Morality, utility, reality? Justifying celebrity rights in the 21st century

Coors, Corinna (2016) Morality, utility, reality? Justifying celebrity rights in the 21st century. Syracuse Journal of International Law and Commerce, 44 (2). pp. 215-249. ISSN 0093-0709

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Abstract

Despite the growing commercial significance of image rights, the recognition, justification and extent of protection for a person’s ‘persona’ – his public image, remain disputed among legal scholars. This article reviews the three most influential theories of intellectual property rights and examines their applicability to the protection of a celebrities’ public image. The article addresses the most common criticism raised about publicity rights in the U.S., a recognised pioneer and leader among nations in protecting celebrity rights. It assesses the scope, the moral, economic and cultural benefits of celebrity rights from both a legal and sociocultural perspective, offering a new, wider conception of the ‘creator’ in the intellectual property theory. Highlighting the legal background and development of image right protection in the U.S., UK and Europe in the wake of the UK vote to leave the European Union, the author argues that, although there is currently no unified approach with respect to image right protection, returning to and rethinking unifying traditional philosophical justifications for intellectual property rights could help promote a more workable and enforceable harmonised international standard in this area of law.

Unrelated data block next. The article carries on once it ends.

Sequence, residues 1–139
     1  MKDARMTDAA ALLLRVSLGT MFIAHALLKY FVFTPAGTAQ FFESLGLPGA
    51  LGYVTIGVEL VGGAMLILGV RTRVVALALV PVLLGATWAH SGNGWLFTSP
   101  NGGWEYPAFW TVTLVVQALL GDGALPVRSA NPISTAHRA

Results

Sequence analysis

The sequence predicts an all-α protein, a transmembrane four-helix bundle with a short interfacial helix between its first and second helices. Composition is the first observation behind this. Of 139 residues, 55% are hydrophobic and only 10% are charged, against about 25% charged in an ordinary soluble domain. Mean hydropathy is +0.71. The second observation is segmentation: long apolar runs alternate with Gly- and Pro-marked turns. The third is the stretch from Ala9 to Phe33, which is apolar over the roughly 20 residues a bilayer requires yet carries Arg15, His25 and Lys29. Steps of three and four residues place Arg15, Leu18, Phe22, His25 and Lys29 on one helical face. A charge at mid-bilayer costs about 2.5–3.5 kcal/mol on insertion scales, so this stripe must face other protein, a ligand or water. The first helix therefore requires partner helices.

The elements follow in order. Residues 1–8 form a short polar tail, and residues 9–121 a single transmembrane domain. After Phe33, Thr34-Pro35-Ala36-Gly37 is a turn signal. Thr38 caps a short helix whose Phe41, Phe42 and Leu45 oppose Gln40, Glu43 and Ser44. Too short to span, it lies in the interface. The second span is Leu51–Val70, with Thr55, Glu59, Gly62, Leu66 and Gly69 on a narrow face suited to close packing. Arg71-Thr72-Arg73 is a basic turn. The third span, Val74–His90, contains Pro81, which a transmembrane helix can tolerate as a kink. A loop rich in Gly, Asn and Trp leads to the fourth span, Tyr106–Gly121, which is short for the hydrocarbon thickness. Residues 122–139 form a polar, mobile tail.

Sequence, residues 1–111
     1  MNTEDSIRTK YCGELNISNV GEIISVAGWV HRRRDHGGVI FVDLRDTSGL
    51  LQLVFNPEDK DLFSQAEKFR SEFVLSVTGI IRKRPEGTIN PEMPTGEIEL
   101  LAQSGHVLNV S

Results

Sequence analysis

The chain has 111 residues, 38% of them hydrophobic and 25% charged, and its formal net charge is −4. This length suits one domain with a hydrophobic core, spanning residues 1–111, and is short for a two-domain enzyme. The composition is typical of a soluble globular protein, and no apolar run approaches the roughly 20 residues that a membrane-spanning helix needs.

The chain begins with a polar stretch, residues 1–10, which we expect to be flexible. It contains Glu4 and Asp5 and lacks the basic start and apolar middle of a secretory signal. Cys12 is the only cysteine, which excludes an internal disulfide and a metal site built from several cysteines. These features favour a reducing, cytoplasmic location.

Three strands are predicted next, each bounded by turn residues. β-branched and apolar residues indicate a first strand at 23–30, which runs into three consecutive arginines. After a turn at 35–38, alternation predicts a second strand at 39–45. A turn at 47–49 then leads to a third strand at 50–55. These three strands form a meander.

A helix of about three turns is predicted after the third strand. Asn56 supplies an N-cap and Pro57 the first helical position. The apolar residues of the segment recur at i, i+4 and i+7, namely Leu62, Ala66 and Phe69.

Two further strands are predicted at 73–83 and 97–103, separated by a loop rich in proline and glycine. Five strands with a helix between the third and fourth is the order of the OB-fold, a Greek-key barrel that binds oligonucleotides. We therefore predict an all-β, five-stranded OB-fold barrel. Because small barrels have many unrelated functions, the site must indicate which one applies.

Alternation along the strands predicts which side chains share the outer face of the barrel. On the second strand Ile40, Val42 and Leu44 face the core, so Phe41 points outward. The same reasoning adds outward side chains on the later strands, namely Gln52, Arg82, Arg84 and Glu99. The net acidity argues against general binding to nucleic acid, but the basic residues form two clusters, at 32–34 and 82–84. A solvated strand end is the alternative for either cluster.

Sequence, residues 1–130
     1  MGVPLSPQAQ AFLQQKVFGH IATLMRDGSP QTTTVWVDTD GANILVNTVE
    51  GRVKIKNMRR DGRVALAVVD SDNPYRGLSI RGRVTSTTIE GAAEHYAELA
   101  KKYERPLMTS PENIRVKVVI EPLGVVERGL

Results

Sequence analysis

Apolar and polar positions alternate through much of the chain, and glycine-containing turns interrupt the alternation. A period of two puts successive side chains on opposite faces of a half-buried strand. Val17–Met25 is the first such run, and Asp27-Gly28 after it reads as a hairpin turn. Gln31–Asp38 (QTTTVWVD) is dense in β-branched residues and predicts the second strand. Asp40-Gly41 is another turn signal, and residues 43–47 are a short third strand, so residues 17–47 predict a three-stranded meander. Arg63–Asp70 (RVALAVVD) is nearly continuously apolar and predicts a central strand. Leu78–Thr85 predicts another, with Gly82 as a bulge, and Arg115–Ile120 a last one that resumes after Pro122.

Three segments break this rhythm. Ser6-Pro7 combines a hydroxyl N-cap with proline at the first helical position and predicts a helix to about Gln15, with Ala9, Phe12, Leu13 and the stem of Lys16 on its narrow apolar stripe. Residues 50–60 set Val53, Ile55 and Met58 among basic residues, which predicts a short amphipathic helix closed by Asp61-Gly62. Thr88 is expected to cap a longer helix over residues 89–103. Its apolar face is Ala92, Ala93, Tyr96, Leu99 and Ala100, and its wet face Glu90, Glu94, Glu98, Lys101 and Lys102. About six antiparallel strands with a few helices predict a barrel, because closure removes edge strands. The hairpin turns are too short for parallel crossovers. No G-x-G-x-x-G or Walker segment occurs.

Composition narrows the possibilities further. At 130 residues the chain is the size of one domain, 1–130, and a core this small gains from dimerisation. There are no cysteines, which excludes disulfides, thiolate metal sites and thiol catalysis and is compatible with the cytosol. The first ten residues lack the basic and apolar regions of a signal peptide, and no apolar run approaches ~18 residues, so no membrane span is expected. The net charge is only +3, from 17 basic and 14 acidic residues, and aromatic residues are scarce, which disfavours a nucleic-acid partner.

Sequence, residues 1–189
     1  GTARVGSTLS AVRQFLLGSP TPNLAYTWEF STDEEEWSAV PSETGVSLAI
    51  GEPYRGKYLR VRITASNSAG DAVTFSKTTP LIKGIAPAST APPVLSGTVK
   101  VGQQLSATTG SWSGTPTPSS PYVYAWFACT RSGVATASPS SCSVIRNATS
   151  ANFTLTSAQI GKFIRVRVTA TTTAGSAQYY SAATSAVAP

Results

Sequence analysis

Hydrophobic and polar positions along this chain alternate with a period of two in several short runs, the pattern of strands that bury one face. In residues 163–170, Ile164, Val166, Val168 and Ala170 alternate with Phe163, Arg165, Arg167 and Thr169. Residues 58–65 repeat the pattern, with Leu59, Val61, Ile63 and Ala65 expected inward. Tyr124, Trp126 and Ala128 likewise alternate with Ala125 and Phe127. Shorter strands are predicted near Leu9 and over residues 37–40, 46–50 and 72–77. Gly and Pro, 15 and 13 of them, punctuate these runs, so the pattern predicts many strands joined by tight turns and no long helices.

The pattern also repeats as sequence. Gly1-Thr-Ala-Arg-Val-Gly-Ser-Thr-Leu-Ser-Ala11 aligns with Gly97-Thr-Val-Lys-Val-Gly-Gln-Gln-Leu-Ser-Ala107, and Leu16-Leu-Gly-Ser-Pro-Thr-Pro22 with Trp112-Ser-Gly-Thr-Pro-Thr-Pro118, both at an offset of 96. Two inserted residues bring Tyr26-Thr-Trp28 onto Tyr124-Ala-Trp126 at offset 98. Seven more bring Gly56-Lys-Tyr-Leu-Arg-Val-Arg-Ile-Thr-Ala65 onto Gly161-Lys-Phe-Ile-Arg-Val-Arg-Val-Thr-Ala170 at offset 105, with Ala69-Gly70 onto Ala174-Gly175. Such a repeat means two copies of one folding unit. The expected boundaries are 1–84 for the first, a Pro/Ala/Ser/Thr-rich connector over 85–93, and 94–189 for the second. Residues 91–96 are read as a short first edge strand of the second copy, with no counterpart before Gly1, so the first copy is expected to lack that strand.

Item Type: Article
Uncontrolled Keywords: right of publicity, personality rights, privacy, intellectual property law
Subjects: Law and criminal justice > Law
Depositing User: Corinna Coors
Date Deposited: 31 Jul 2016 19:15
Last Modified: 13 Nov 2017 12:30
URI: http://repository.uwl.ac.uk/id/eprint/2802

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